I started the Halo-verse by playing Combat Evolved solo on Heroic. Now for experienced Halo players, Heroic doesn’t seem too bad—it’s more or less the intended difficulty of the game—but for someone who had barely played before, it was pretty rough. The first level even, “The Pillar of Autumn,” caused me a significant amount of issues and made me develop a hatred of chain reaction explosions and Jackals, which remain to this day my least favorite enemy in the series. But as I played more and more of the game, I became slowly hypnotized by it, the large set pieces, the non-linear progression of some story missions, the precision aim that was required to play the game and the variations in weapons and enemies that came together to create an entrancing experience. By the end of the first day, I had successfully avoided two homework assignments, missed a meal and completed all but two levels of Halo: CE. Interestingly, my parents, who had such an aversion to violence and M rated games, liked Halo. I guess as long as the violence in games weren’t aimed at other people or innocent animals, it was okay. My first R-rated movie was Alien, so I guess there’s a theme there with my folks. After playing Halo: CE, I moved on to Halo 2 and quickly beat it as well, which left me a few years to refine my multiplayer skills and realize that the Halo franchise was the best franchise I had ever played.
Then something weird happened. My family moved from Wisconsin all the way out to California where I would start high school. Slowly, skateboarding and girls began to take up more and more of my thoughts until I rarely even played games anymore. (I say rarely, but comparatively to me in middle school or even later in my life, it was a small amount.) I still occasionally played Halo alongside other popular games of the time like Gears of War, Call of Duty, Rock Band and others, but Halo was a thing of my past, not something I regularly indulged myself in. On Sept. 25, 2007, that changed with the release of Halo 3 for the Xbox 360. It didn’t matter if you were a nerd, a jock, a “popular” kid or a more rebellious type, when Halo 3 came out, nearly every single guy in my school was talking about it, which goes to show just how influential the Halo series was on a lot of kid’s lives in the early 2000s. I got Halo 3 for my birthday one month later, along with my first ever Xbox Live subscription and began playing online. I could talk for hours about the competitive merits and about how Halo 3 had debatably the most refined and balanced ranked matchmaking system of any shooter to date, but that’s not important. What is important is that I realized not only were the Halo campaigns amazing to play through casually, but the multiplayer component of the games was just as good if not better than the single-player ones in some aspects.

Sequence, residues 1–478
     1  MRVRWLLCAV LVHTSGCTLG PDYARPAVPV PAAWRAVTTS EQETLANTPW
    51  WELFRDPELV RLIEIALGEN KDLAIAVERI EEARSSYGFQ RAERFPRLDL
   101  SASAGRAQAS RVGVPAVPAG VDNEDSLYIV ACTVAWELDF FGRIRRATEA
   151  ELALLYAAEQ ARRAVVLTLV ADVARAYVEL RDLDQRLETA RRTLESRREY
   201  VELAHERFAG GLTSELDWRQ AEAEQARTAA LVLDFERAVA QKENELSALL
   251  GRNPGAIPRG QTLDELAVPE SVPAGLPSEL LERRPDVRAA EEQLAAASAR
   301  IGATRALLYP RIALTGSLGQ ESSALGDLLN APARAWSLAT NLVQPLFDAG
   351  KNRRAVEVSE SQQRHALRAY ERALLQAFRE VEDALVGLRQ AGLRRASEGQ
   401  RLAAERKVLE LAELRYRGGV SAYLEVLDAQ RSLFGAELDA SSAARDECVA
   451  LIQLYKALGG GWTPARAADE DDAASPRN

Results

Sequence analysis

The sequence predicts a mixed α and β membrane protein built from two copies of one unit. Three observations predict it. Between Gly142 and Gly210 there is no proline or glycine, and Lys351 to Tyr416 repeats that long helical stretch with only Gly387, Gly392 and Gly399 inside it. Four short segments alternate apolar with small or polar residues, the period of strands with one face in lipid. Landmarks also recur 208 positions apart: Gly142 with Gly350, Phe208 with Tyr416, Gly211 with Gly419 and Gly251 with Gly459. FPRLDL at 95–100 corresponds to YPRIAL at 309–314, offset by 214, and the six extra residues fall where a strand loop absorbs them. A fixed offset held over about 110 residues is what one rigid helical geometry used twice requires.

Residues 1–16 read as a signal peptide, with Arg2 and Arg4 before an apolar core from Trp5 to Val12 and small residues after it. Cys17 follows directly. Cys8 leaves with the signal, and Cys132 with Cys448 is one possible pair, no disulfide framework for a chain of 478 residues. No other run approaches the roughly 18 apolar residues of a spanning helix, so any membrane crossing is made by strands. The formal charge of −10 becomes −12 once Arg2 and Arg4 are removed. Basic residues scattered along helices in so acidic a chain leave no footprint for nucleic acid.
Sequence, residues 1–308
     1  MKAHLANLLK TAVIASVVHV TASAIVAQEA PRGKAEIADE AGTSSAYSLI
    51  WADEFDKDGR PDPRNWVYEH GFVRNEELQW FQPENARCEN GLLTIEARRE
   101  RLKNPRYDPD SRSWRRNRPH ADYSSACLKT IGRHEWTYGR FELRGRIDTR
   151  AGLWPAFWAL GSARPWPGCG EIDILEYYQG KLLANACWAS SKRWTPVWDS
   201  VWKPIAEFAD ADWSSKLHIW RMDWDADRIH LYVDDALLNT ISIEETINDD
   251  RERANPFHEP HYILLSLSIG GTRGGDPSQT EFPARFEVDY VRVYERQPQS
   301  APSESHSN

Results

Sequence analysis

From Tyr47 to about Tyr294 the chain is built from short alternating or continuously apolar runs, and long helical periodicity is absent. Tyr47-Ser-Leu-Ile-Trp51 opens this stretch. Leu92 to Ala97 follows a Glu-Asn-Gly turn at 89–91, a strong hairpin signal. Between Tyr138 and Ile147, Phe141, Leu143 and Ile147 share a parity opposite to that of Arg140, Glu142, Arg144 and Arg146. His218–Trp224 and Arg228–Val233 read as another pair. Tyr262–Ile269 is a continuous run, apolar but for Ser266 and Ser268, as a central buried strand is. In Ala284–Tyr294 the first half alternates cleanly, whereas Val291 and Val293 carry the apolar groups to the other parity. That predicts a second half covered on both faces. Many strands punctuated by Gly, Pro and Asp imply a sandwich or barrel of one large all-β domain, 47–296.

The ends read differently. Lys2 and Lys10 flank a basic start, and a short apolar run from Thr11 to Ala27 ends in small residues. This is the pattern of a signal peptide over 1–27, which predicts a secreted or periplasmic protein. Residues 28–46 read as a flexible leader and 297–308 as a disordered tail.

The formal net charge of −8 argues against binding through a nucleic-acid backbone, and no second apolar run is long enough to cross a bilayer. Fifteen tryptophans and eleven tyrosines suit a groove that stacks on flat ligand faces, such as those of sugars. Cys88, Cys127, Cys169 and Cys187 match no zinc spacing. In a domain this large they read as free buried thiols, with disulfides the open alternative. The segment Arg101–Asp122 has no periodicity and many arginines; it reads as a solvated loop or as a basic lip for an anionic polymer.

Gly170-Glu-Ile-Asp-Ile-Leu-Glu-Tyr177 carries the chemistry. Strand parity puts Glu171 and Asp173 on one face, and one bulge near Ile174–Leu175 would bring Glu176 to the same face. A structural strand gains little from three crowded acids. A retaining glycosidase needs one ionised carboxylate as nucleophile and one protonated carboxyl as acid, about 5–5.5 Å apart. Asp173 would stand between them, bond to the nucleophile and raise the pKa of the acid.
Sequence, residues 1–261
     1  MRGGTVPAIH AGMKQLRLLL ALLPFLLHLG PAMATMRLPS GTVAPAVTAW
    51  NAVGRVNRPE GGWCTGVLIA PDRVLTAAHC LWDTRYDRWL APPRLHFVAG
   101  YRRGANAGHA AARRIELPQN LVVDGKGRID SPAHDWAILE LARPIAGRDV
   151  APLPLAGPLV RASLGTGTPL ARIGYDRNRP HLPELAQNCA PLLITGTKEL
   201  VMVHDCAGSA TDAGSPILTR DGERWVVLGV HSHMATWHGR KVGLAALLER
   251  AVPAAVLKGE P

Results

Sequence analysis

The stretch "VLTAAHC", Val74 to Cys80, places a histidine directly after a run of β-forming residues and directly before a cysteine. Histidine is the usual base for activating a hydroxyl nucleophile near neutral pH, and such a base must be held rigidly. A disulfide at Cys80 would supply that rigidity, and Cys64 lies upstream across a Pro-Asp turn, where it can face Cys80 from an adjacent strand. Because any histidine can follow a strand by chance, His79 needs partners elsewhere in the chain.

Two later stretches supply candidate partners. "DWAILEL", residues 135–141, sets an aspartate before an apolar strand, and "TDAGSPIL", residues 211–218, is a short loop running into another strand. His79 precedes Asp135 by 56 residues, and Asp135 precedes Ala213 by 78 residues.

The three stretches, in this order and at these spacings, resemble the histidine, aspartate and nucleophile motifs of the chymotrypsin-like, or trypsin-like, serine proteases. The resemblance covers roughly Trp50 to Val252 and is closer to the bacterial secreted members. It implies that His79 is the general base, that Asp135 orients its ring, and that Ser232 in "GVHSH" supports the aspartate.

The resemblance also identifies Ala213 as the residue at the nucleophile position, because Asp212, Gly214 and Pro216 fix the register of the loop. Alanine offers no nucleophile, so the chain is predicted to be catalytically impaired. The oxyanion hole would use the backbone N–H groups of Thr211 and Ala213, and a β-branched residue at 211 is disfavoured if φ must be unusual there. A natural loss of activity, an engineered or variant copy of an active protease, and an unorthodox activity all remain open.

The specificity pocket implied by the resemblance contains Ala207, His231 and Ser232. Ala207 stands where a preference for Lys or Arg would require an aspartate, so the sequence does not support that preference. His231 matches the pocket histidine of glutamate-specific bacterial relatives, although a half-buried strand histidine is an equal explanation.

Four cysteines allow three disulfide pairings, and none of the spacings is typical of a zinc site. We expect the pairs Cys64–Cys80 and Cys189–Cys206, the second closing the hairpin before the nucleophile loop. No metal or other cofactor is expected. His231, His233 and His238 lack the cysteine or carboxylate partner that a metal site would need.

This is important. The Halo franchise in every iteration contains a balance between fantastic single-player campaigns and competitive, rewarding multiplayer experiences. Additionally the games offer replayability with scaling difficulty settings in the campaign and the addition of speed runs. Essentially there is a lot to do in these games, so much in fact completionists will almost never run out of things to do. Even today, nearly 14 years after Halo: CE’s initial release, people are still playing that game and discovering new secrets, hidden glitches and more optimal ways to beat the campaign. Halo contains a type of longevity that most games only dream of, and it has been doing so in nearly every core iteration of the franchise, and honestly, I have no doubt that Halo 5 will continue the franchise’s success.
Has the combat evolved from ‘Combat Evolved’? Where were you when these games debuted? Let me know on Twitter @FlagCap. And be sure to follow us @YouNerded.